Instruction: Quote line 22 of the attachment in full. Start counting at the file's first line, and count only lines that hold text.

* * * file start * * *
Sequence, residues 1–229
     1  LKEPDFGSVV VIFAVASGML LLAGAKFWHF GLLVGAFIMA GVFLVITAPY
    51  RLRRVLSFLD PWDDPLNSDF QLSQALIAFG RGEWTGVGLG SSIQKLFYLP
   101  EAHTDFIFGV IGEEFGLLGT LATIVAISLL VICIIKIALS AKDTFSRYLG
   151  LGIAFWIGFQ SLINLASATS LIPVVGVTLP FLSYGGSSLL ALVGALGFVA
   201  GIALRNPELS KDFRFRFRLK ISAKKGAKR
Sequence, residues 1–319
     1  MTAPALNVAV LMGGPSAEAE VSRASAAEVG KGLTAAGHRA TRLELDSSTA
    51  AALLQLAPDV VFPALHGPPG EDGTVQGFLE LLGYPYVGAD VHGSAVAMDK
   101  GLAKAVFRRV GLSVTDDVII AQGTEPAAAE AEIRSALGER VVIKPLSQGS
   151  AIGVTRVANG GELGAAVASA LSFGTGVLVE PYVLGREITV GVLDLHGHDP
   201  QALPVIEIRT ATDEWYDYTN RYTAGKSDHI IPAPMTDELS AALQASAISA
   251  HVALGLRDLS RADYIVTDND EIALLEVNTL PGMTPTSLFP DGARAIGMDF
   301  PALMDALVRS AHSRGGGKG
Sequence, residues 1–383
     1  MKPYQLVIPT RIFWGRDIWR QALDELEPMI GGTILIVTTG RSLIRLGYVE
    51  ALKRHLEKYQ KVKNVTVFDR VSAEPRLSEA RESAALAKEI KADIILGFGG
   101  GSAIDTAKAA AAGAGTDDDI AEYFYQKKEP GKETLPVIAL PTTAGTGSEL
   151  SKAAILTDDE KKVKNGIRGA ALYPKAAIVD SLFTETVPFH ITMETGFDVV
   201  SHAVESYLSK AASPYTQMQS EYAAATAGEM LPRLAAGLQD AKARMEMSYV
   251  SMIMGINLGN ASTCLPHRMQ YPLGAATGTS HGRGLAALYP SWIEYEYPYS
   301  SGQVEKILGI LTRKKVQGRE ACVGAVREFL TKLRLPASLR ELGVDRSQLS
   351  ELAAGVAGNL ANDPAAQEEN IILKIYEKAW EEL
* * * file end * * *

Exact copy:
   301  SGQVEKILGI LTRKKVQGRE ACVGAVREFL TKLRLPASLR ELGVDRSQLS